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The Johnson & Johnson vaccine and Guillain Barré syndrome: what to know

COVID vaccine
The Johnson & Johnson vaccine for COVID-19 remains available and considered safe for emergency use in the U.S. despite a federal warning issued this week of rare instances of a neurological syndrome among those taking it. (Shutterstock)

When the Food and Drug Administration updated its Johnson & Johnson COVID-19 vaccine fact sheet this week, it included a warning that the vaccine is associated with a “very low” risk of developing Guillain Barré syndrome, a rare neurological disorder.

It’s the latest in a sometimes bumpy rollout of the one-dose vaccine. In April, the Centers for Disease Control and Prevention and FDA recommended a pause in the use of J & J following a handful of cases involving blood clots; lifting the recommendation a few days later.


Here’s what’s known about this week’s warning and what it might mean for those with questions about the J & J vaccine: 

What is Guillain–Barré syndrome?

Guillain-Barré (pronounced gwee-EN-buh-RAY) syndrome is a rare, potentially serious neurological disorder in which the body’s immune system attacks and damages nerve cells, causing muscle weakness and sometimes paralysis. The syndrome often follows infection with a virus or bacteria — and on very rare occasions it can follow a vaccination.


Most people fully recover from the syndrome but some experience permanent nerve damage. An estimated 3,000 to 6,000 people develop the syndrome in the United States each year.

What are the chances of getting this syndrome if I receive the Johnson & Johnson vaccine?

The risk of developing the syndrome is very low. 

Of the nearly 13 million people who received the Johnson & Johnson vaccine, 100 cases of the syndrome were reported to the federal Vaccine Adverse Event Reporting System, or roughly 1-in-130,000 people. Of those, 95 cases resulted in hospitalization and one person died.

The syndrome has also been associated with contracting COVID-19 itself, according to a study released last summer of hospitalized patients in Italy, before any vaccines were available.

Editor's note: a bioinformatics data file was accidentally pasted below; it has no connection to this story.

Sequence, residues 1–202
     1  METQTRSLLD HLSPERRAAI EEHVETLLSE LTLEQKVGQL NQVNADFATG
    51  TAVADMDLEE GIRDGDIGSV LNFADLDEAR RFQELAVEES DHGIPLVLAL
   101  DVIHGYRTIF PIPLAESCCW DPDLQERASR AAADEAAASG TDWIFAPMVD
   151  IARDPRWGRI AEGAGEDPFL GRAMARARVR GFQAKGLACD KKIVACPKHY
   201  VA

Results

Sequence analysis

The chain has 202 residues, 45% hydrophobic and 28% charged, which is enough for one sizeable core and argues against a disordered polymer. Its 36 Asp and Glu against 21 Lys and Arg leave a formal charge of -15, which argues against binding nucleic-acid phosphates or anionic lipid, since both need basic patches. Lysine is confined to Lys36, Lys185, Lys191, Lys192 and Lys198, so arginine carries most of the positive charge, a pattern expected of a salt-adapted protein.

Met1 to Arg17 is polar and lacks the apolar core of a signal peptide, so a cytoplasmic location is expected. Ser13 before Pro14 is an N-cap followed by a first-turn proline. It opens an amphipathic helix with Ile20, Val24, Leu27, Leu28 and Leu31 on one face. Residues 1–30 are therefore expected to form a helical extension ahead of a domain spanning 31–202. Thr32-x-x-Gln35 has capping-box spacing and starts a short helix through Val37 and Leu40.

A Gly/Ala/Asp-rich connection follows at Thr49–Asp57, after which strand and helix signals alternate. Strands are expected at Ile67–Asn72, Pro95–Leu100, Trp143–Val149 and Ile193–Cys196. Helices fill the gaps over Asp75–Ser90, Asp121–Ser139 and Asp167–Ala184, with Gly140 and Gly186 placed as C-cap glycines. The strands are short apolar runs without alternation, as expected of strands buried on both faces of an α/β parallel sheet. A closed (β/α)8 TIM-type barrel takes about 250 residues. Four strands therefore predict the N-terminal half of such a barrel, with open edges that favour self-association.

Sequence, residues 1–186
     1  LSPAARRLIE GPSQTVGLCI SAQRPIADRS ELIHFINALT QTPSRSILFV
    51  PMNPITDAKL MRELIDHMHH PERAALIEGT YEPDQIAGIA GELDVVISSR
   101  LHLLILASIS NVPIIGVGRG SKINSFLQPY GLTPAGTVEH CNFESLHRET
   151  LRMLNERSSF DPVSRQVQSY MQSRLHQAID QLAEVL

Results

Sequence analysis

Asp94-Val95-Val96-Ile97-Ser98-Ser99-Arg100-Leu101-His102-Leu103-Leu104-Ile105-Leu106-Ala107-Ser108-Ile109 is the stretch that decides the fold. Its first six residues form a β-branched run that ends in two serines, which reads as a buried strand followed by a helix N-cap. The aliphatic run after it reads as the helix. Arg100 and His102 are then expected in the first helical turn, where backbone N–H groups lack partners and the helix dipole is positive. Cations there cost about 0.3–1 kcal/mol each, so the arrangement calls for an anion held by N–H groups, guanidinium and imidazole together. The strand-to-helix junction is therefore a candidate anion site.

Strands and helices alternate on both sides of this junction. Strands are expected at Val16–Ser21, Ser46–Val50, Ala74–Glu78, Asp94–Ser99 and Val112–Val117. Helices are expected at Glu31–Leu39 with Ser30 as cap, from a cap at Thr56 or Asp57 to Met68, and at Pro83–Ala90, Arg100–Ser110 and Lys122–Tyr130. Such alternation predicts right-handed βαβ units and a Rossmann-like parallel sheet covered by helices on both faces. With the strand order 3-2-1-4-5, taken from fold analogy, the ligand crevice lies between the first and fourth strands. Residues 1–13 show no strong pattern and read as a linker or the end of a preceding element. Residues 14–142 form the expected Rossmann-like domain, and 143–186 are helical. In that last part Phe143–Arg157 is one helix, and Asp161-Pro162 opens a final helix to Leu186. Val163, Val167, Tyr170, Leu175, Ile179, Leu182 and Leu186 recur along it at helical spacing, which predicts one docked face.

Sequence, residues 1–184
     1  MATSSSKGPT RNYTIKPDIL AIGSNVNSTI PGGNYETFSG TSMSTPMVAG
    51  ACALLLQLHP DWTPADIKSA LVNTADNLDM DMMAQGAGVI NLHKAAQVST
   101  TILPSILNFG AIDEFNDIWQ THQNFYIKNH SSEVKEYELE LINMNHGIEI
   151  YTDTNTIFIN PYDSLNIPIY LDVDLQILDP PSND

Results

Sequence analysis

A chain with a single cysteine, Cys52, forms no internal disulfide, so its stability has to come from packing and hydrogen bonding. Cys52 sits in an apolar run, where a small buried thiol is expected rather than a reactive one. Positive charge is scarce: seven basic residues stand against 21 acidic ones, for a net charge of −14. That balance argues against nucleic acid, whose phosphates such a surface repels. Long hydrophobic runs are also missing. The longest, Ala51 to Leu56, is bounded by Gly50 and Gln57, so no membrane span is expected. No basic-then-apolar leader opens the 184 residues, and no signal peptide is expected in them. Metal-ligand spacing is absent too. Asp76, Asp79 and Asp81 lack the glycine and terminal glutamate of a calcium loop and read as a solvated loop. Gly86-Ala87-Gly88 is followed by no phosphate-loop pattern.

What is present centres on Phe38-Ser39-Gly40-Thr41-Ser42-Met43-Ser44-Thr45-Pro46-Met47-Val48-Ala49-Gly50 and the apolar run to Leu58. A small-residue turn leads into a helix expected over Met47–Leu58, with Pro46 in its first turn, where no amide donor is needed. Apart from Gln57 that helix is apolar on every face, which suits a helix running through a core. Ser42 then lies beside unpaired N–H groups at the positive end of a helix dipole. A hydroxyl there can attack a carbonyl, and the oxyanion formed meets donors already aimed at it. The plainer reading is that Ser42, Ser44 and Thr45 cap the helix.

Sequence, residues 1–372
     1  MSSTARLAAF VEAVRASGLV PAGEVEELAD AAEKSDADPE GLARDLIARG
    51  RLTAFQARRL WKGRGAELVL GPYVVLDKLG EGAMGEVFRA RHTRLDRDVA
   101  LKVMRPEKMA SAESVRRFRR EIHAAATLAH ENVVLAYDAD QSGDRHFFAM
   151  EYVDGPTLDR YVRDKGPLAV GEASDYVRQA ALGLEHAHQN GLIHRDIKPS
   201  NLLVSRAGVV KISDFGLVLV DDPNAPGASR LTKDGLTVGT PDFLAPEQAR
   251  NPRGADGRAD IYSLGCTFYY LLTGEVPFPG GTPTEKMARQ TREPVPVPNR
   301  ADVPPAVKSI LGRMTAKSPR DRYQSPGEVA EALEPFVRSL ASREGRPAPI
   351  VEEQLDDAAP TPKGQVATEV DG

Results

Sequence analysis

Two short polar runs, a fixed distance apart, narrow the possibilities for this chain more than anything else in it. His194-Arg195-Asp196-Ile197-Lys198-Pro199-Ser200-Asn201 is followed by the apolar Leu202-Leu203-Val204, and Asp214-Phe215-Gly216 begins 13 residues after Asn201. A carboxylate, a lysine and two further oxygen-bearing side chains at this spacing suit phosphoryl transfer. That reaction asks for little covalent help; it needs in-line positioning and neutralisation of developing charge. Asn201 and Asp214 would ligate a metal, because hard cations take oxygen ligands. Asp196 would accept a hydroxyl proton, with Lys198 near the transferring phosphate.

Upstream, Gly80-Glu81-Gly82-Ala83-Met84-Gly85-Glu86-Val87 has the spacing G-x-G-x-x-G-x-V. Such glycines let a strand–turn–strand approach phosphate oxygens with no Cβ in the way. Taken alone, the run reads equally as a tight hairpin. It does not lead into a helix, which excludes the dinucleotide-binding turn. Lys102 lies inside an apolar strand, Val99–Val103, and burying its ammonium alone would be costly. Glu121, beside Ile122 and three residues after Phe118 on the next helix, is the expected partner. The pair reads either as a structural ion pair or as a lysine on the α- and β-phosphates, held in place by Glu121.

Guillain–Barré also has been identified as a small risk factor in other, previously approved vaccines. For instance, after swine flu vaccinations in 1976, and in people who receive a seasonal flu shot, according to the CDC. When there has been an increased risk, only one to two additional cases of the syndrome per million doses administered were found. It is more likely that a person will get the syndrome after getting the flu than after a vaccination.

The CDC maintains the Johnson & Johnson vaccine is safe and effective and urges people in the U.S. to get whichever of the three approved vaccines is available to them. The two-dose Pfizer and Moderna vaccines have not been associated with Guillain–Barré syndrome and utilize different technology than the Johnson & Johnson vaccine.

What are the symptoms of Guillain–Barré syndrome?

For most people, the symptoms occurred within 42 days of receiving the vaccine. The FDA said recipients of the Johnson & Johnson vaccine should seek medical attention right away if they develop any of the following symptoms:

  • Weakness or tingling sensations, especially in the legs or arms, that’s worsening and spreading to other parts of the body
  • Difficulty walking
  • Difficulty with facial movements, including speaking, chewing, or swallowing
  • Double vision or inability to move eyes
  • Difficulty with bladder control or bowel function

Is the Johnson & Johnson vaccine safe?

The J&J vaccine remains approved for emergency use in the U.S and the CDC says all three COVID-19 vaccines available in the U.S. are safe and effective. 

Daniel Salmon, the director of the Institute for Vaccine Safety at Johns Hopkins University, said the risk of contracting Guillain–Barré is far outweighed by the danger posed by COVID. The CDC notes, for instance, that nearly all recent deaths in the U.S. attributed to COVID-19 have involved unvaccinated patients. 

“Everything has risks,” Dr. Salmon told the New York Times. “And the key to decision-making is to optimize the benefits and reduce the risks,” noting, “COVID is a pretty nasty disease that’s killed 600,000 people.”

How many people have taken the J & J vaccine in Michigan?

In Michigan, 318,315 people have taken the Johnson & Johnson vaccine as of Wednesday, a small portion of the 4.9 million people who have received at least one dose of a COVID vaccine in the state. Nearly 13 million people have received the J & J vaccine in the U.S.

But deliveries of the Johnson & Johnson vaccine to distributors have decreased as demand for all COVID-19 vaccines decrease. There have not been deliveries of Johnson & Johnson coronavirus vaccines in the state since June 5, according to state data. And before that,  deliveries had been declining since April when the CDC and FDA recommended a pause in use of the Johnson & Johnson vaccine over the blood clotting issue.

Lynn Sutfin, spokesperson for the state health department, said Michigan continues to use the existing supply of Johnson & Johnson that vaccine providers, primarily pharmacies, already have in the state to fill any new orders by reallocating vaccines from one provider to another so doses aren’t wasted.

She also said Michigan is not receiving any new allocations from the CDC due to a backorder with no determined end date. However, there is not a backorder of orders from the state or providers waiting on vaccine doses.

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